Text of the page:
Díaz came to power in 1876 after more than thirty years of civil war and foreign invasion in Mexico. Political instability, armed conflict, and popular upheaval had characterized much of the country’s nineteenth-century history. Over the course of his rule, Díaz and his allies sought to create a powerful central government that the country had lacked, and to place Mexico on the path of modern capitalist development. He also made it his goal to contain and repress the country’s long tradition of rural and agrarian revolt. Mexico’s landlord class, meanwhile, was extremely grateful to Díaz for the political stability and economic expansion that came with his regime. In December 1905, five years before the outbreak of revolution, Mexico’s pliant Congress would present the dictator with a jewel-encrusted medallion in an elaborate ceremony. It bore the words: “He Pacified and Unified the Nation.”
One clear outcome of the Díaz regime was a massive economic boom that radically transformed Mexico. Over the course of his rule (1876–1910) total railroad track in the country expanded from 640 kilometers to nearly 20,000. Exports increased by a factor of six, averaging a growth rate of more than 6 percent per year. Boom towns appeared almost overnight: Cananea, for example, in the northern state of Sonora, was a village of a hundred people in 1891; by 1906 it was a bustling mining center of some twenty-five thousand people, producing 10 percent of Mexico’s mineral output. Increased commerce meant that the total money in circulation in Mexico increased twelvefold in thirty years, from 25 million pesos in 1880 to more than 300 million in 1910. By 1895, Mexico’s government had a budget surplus for the first time. Meanwhile, foreign investment also soared—primarily in railroads, mining, and banking—increasing from 110 million pesos in 1884 to 3.4 billion pesos in 1911, with the United States as largest foreign investor. And by 1911 Mexico was ranked as the third-largest oil producer in the world, with an annual production of 14 million barrels. It was a transformation unprecedented in Mexican history; the country was increasingly, and rapidly, integrated into the North Atlantic capitalist world.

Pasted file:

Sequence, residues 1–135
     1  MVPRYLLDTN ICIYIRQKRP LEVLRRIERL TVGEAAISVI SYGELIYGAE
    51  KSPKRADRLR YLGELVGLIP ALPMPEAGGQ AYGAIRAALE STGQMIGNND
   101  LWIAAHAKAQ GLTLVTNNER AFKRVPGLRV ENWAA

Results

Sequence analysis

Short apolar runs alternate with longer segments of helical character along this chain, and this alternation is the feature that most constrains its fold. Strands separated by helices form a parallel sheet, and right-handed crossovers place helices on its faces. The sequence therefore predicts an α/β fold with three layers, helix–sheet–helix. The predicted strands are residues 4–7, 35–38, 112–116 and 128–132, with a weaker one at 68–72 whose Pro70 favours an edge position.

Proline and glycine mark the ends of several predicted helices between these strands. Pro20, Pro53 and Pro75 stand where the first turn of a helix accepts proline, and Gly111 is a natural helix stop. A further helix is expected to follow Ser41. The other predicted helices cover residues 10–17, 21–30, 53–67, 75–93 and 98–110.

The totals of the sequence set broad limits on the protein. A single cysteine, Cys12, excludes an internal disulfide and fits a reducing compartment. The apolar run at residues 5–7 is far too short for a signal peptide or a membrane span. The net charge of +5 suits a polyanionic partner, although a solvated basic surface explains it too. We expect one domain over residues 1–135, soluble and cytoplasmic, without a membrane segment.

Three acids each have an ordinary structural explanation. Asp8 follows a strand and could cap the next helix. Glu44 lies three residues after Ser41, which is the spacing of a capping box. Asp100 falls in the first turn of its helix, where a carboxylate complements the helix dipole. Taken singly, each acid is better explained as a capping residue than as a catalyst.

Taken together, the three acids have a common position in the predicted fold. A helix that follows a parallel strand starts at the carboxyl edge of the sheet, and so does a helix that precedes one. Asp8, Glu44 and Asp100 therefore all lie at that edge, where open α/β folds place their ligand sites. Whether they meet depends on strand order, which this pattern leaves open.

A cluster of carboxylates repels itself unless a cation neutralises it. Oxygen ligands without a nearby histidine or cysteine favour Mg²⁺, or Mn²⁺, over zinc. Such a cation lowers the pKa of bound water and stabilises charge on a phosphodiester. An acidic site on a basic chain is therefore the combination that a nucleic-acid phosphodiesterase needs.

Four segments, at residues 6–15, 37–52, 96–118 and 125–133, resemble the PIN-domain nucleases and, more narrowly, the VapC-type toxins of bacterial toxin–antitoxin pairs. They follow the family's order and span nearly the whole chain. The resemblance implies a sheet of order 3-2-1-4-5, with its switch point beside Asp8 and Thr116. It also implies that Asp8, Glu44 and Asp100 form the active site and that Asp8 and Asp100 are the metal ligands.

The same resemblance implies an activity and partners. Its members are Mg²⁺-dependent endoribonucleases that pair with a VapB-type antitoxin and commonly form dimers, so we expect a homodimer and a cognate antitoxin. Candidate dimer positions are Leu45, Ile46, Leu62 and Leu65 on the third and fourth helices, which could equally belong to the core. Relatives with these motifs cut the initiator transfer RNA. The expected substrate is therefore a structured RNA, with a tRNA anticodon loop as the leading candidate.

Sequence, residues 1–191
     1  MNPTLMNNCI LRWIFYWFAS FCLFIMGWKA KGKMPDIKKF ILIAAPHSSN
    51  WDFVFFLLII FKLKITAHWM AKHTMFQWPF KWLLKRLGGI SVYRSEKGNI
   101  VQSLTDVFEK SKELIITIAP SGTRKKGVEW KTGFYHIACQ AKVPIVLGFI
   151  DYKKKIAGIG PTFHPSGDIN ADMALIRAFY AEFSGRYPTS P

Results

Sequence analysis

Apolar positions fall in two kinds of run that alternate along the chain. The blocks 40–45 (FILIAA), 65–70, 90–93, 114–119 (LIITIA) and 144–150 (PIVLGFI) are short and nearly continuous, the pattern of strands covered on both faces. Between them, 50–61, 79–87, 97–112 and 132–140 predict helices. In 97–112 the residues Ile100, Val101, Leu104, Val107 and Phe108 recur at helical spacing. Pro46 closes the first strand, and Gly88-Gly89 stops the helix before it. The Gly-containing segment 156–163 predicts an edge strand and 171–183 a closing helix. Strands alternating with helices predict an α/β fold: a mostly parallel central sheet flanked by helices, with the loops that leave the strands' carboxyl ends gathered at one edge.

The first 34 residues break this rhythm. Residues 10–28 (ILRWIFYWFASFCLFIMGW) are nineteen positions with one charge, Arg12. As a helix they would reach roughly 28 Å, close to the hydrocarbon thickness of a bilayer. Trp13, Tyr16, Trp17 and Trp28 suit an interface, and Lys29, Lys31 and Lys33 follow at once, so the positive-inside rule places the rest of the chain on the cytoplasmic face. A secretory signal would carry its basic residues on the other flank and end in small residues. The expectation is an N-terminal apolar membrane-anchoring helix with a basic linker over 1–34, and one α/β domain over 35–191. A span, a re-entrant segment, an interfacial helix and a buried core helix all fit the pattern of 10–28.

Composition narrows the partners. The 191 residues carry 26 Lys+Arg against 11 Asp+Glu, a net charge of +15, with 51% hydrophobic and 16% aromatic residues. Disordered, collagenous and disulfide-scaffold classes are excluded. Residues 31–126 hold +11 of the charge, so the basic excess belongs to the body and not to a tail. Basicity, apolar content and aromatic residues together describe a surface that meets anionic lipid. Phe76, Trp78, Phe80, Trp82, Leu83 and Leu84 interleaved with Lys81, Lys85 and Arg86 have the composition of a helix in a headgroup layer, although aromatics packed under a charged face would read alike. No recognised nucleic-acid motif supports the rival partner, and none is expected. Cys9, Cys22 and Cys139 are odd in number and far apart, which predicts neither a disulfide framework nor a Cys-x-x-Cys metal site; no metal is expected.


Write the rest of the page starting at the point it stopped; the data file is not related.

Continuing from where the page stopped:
One of the results of this period of enormous economic expansion was a significant growth in Mexico’s rural and urban middle classes. These included educated professionals such as lawyers and journalists; small commercial ranchers and farmers; middling merchants, shop-owners, and traders; and self-employed artisans and other commodity producers. People such as these survived and advanced—or expected to—by means of their education, skills, and commercial acumen. But the Porfirian system effectively shut them out. It prevented middle-class people involved in commercial activity, for example, from partaking in the growing prosperity clearly visible at the top of Mexican society. It prevented middling landowners and ranchers from growing, or even surviving, in the face of the power of the very rich. It prevented the educated middle class—intellectuals, journalists, lawyers, and the like—from having the influence that they believed, as always, corresponded to the extent of their education and learning. But the fact that the middle classes were often barred from accessing the levers of wealth and power in Porfirian society was not merely due to the humdrum functioning of capitalism. The principal reasons for their exclusion were political in nature: these included the widespread existence of political corruption and privilege, the abuse of political power, and a lack of local political autonomy. Put differently, they were tied up with the dictatorial nature of the Porfirian state and its connections to economic activity.